As a key ally, United States Senate Majority Leader Charles Schumer urges President Joe Biden to set aside at least five million doses of COVID-19 vaccines for the Philippines, in its commitment to donate excess vaccines to other countries.
“As a key ally in this region, it is imperative that the United States support the Philippines by committing at least five million doses of vaccines to the nation,” Schumer says.
“I urge you to commit at least five million doses of COVID-19 vaccines to the Republic of the Philippines as part of the United States’ commitment to send 80 million of such doses to foreign nations over the next several months,” says Senator Schumer, a Democrat from New York, in a letter to Biden on 01 June.
Schumer fully supports Biden’s decision to assist other nations with the millions of doses of AstraZeneca vaccine stockpiled by the US government.
WASHINGTON — To combat the rising COVID-19 cases in the Philippines, Senator Schumer says the country needs assistance in securing more vaccines to protect its population.
The United States has a long history with the Philippines and with Filipino-Americans contributing immeasurable acts to New York and to the American society through “selfless and professional efforts” as front line health care workers during the coronavirus pandemic, says the senator.
He notes the Philippines has suffered a great loss during the recent surge in the pandemic with 1.2 million infected, including a rising number of deaths.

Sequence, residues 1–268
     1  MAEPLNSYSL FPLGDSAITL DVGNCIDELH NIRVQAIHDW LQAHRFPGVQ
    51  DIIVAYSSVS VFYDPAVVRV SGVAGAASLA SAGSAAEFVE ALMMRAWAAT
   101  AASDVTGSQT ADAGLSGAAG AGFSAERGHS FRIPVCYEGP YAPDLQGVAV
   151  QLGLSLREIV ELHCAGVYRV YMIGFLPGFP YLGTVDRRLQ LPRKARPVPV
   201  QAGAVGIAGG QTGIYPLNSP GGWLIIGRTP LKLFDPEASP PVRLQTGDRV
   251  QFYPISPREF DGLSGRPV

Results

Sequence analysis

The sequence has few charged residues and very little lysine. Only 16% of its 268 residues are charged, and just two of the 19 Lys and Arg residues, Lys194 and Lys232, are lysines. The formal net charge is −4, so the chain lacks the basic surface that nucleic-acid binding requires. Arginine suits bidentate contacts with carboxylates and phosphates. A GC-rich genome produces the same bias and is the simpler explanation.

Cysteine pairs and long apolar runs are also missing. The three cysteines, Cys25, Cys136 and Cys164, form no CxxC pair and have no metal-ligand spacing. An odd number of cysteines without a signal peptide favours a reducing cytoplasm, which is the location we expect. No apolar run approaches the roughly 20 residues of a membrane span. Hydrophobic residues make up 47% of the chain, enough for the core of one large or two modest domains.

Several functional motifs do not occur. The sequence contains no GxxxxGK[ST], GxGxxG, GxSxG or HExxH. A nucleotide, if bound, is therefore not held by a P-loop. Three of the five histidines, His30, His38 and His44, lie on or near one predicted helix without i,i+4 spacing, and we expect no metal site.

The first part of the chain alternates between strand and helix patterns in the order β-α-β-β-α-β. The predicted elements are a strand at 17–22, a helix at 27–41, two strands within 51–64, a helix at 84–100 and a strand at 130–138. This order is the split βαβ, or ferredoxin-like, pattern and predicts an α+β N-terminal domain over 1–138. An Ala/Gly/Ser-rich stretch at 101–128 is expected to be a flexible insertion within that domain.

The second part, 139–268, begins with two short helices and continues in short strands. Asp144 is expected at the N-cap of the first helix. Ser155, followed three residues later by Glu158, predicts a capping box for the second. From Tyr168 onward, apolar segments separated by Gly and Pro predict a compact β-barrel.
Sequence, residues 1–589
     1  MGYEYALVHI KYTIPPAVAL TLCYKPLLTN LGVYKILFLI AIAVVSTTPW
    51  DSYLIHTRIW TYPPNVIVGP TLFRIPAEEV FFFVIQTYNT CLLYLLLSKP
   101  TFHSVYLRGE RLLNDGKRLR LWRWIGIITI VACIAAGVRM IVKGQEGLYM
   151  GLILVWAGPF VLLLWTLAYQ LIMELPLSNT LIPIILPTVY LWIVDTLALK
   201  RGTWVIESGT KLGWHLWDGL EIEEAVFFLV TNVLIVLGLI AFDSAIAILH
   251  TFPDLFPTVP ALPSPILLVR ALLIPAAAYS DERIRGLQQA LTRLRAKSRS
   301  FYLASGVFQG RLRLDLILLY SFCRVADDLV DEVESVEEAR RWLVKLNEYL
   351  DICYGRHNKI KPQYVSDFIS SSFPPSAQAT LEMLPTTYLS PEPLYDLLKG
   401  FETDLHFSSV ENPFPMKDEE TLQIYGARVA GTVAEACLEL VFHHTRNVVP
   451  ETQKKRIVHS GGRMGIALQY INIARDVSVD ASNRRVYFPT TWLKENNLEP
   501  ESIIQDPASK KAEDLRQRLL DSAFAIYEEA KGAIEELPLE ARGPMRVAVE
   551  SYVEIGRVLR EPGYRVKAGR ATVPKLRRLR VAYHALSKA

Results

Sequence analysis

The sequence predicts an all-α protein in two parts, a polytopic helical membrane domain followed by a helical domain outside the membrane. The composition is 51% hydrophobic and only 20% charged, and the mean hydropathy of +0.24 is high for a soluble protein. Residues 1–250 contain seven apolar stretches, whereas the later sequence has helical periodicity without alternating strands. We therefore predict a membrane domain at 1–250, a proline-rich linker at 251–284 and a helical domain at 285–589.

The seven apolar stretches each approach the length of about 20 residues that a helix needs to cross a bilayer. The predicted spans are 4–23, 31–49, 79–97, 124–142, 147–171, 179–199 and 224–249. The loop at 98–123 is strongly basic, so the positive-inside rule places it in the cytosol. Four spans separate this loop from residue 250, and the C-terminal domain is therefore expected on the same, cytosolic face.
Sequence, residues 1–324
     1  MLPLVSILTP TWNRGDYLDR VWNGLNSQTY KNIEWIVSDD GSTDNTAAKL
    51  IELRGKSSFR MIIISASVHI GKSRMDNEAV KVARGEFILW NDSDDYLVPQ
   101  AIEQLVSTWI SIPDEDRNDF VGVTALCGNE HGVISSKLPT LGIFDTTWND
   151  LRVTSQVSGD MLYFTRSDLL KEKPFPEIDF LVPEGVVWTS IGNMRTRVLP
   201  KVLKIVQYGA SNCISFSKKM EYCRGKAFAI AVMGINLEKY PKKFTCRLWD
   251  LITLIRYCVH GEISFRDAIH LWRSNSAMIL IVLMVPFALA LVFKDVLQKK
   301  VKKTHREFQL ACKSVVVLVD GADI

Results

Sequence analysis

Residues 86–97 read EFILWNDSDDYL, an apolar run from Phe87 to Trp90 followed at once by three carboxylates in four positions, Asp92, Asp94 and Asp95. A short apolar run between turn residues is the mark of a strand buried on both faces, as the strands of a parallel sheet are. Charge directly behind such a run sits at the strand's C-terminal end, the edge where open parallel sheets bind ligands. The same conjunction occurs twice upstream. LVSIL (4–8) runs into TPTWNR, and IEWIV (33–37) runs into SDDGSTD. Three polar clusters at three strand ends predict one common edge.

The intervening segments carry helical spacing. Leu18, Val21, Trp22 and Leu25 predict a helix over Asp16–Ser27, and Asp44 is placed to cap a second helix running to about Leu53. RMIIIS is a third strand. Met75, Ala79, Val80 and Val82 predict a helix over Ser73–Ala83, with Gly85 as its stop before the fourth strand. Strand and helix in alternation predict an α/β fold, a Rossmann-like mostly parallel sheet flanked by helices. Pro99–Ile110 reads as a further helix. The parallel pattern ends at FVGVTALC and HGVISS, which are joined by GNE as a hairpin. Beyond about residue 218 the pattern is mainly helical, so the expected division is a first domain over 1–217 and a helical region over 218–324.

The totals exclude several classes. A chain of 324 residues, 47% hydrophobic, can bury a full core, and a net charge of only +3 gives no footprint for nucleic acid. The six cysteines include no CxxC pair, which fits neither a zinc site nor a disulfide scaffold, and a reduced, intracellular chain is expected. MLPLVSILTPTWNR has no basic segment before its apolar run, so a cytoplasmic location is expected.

The delay in the shipment of 17.7 million AstraZeneca vaccine doses from Siam Bioessence is “putting the country’s vaccination efforts in dire straits.”
The Biden administration announced on 31 May that the US would release 60 million doses of the AstraZeneca vaccine to support the global vaccination program, the key to ending the COVID-19 pandemic.
Not authorized for use in the U.S., the AstraZeneca jabs will be sent to other nations such as the Philippines that have approved its use. “Sending these vaccines abroad would not diminish our ability to vaccinate our population at home as the United States has more than enough FDA-authorized vaccines on hand made by other manufacturers,” he says.
Filipino health care workers have long been on the frontlines of US hospitals and emergency rooms.
“Indeed, throughout the pandemic, Filipino-American nurses and doctors put themselves in harm’s way to save lives,” Schumer said. “Nearly a third of the nurses who’ve died of coronavirus in the US are Filipino, even though Filipino nurses make up just four percent of the nursing population nationwide,” he points out.
“The US can honor the service and sacrifice of these heroes by providing the urgently needed five million life-saving doses as quickly as possible.” (SA/Headline PH)